Qing Ming Painting Resonates Over Centuries
Photos by Forrest Anderson; painting in the public domain.
Last week, we addressed the history of China's most famous painting, Along the River during the Qingming Festival (Qingming Shang He Tu). Today, we look at the content of the painting itself and why it has resonated over the centuries and still is so popular today. The painting captures some of the most iconic and enduring features of traditional Chinese culture and life. These features endured into the 21st century, and traces of many of them can be seen in China today.
Some have faded in a single generation as China plunged headlong into modernization and transformed into a nation of high rises and high tech.
The photos were captured by photographer Forrest Anderson over more than a decade in an on-going project to preserve images of traditional Chinese life before they vanished. Sections of the Qingming painting that depict these aspects of life 800 years ago are numbered and shown along with modern photos depicting similar scenes.
1. Undulating tile rooftops of traditional courtyard homes, Beijing, China. These graceful old homes have disappeared by the thousands as they have been replaced by high rise apartments all over China.
2. Vendors selling religious figurines, Chongqing, China.
3. Three workers carrying goods on shoulder poles along a congested street, Wenzhou, China.
4. Man carrying a baby on his back in a basket along with other goods, Beijing, China.
5. A Buddhist monk at the Lama Temple, Beijing, China. Buddhism has endured in China and still is the country's most popular religion.
6. Daoist priests, Beijing, China. While Daoism has fewer adherents than Buddhism, it continues to have a profound influence on Chinese culture and thought.
7. Woman having a nap behind a fan, Beijing, China. Fans held over the face have long been a signal in China that people don't want to be approached. In recent years, masks have taken on a similar meaning in addition to being a means of protection from disease or pollution.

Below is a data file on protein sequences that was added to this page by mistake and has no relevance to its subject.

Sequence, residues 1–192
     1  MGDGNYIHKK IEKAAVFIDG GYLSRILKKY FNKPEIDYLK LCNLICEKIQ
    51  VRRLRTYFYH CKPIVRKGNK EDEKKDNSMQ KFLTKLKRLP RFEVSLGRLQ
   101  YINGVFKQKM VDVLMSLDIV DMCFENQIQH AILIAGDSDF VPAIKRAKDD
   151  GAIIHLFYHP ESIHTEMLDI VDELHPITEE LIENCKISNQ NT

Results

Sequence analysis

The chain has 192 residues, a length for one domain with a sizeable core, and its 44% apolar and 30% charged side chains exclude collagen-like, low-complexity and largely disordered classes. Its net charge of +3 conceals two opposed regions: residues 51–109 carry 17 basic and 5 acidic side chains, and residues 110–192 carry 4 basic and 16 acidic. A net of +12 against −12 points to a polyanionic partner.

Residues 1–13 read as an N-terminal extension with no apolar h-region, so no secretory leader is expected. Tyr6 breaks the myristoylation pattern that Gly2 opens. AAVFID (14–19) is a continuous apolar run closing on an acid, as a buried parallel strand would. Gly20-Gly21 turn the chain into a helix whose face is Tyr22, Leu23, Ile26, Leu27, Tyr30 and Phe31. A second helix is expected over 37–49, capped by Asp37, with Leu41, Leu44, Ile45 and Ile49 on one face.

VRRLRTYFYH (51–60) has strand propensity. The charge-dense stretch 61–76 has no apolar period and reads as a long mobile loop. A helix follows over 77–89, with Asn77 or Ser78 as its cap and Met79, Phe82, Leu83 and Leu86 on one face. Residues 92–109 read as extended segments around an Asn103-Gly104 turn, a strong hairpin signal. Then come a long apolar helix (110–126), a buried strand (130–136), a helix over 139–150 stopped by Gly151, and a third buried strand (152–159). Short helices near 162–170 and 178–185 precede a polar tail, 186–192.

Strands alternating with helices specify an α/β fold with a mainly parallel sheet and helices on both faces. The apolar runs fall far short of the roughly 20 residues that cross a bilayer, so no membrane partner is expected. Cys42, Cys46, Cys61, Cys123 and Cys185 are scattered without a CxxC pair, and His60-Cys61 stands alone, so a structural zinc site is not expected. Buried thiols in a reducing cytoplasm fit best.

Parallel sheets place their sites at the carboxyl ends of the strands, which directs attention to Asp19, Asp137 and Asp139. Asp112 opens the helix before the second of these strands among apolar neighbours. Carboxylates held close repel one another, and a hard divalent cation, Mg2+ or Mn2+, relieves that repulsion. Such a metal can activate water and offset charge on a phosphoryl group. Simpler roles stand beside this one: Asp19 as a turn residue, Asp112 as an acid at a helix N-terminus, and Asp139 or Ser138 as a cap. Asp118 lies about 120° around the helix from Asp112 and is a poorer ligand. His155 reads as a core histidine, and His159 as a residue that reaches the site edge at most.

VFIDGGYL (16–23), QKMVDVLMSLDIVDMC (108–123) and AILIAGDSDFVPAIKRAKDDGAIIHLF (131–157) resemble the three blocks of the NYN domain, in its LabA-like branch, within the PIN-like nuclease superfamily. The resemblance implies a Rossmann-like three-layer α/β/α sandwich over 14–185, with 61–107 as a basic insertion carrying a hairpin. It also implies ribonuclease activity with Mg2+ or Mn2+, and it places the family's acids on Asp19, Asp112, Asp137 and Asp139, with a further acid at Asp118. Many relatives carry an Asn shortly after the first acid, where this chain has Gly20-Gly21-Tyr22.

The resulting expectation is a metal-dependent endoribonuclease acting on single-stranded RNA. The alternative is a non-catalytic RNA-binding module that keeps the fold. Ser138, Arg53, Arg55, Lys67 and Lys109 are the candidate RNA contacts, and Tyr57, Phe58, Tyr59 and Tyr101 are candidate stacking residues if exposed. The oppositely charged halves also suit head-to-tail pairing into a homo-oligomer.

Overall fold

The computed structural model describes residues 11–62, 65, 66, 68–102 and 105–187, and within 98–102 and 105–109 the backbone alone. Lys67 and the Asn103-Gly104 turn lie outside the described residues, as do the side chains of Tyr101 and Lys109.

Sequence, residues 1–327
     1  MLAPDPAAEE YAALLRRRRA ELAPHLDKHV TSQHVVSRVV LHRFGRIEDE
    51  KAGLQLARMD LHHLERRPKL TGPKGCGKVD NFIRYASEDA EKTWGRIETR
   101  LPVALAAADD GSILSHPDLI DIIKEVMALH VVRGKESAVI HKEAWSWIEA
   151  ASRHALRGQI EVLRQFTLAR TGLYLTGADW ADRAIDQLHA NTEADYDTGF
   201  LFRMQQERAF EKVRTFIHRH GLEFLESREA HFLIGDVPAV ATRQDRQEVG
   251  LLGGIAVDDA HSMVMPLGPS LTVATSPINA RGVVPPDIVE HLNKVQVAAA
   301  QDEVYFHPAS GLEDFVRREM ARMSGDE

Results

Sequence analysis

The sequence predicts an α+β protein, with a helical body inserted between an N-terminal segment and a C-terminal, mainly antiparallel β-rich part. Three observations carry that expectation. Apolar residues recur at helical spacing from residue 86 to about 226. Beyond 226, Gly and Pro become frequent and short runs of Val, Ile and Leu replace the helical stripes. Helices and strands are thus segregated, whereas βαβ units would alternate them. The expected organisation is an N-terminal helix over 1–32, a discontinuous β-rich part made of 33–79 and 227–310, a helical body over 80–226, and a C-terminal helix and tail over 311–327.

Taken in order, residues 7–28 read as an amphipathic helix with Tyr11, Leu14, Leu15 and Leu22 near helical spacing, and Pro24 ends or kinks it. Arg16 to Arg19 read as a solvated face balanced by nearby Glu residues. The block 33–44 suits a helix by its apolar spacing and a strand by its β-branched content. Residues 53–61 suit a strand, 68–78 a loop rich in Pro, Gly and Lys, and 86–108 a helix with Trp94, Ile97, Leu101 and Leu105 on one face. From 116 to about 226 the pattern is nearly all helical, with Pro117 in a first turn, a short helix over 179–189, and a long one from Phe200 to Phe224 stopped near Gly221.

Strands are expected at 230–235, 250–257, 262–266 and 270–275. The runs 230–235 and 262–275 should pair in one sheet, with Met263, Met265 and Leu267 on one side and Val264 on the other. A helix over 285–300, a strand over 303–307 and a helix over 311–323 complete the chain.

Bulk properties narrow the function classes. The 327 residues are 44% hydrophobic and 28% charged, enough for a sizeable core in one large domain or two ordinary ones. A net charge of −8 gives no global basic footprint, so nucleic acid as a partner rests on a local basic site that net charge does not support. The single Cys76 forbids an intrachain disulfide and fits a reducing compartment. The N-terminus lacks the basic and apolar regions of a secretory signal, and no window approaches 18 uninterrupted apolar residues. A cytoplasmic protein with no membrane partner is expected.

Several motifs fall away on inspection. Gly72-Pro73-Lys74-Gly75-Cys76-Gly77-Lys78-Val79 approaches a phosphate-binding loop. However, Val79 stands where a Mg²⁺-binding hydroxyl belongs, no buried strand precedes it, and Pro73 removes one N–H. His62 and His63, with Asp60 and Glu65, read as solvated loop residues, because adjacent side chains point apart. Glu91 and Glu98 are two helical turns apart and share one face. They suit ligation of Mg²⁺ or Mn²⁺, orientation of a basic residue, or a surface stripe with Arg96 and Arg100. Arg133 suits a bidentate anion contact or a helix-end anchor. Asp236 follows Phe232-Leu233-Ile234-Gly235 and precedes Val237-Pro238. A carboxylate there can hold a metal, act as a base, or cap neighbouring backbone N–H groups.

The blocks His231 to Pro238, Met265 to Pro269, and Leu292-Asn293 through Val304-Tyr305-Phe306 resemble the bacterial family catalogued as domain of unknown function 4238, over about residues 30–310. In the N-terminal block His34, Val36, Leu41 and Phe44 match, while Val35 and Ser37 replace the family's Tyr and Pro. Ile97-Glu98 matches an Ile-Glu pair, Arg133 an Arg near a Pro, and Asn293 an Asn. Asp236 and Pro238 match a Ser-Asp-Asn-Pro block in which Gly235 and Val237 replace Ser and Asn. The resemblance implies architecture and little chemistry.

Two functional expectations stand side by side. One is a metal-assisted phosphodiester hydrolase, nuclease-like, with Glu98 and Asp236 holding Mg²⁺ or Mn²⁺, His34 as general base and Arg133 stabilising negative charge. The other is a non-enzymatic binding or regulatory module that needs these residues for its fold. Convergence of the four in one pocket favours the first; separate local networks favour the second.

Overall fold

8. A storyteller entertains in a teahouse, Chongqing, China.
9. Vendor sells spices, Xichang, China. Street vendors were suppressed during the 1960s and most of the 1970s, but reemerged strongly in the 1980s and became the foundation for China's now-thriving private sector.
10. A string of donkey carts hauls bricks for a construction project, Beijing, China. Using donkeys for transportation was common up until the early 2000s, but is seen mainly in remote areas today.
11. Camels, Guilin, China. Camel caravans once played a major part in China's trade networks. Today, they still can be seen at many historic sites.
12. Almost all Chinese towns and cities and many villages once were walled, stretching out over the landscape in a network that defined trade routes and imperial reach. Today, most of these walls and their massive gates are gone. In Beijing, the Front Gate (Qianmen) remains as a historical landmark, but the walls are long gone.
13. A man and woman pulling a hand cart across a bridge, Chongqing, China. Bridges over rivers still are important crossroads for transportation and commerce in China.
14. Rainbow bridge on the Grand Canal, Suzhou, China. China is a land of many waterways which are key transportation routes.
15. A boat loaded with people and goods, Guilin, China.
16. Woman sitting by a gate, Henan, China. Most Chinese once lived around walled compounds with front gates.
17. A street restaurant, Xian, China.
18. Dock workers unloading grain, Shanghai, China. Grain is incredibly important to China's economy, and much of it is transported on the waterways even today.
19. The Qingming painting depicts terraced fields, an agricultural practice that began in China during the same era as the painting was created, when a new variety of rice from the Southeast Asian kingdom of Champa was imported. The rice was early ripening, drought-resistant and could be grown on marginal land such as terraced hills. Since then, rice and other crops have been widely planted on terraced hills. This photo shows crops growing on terraces in Chongqing, China.
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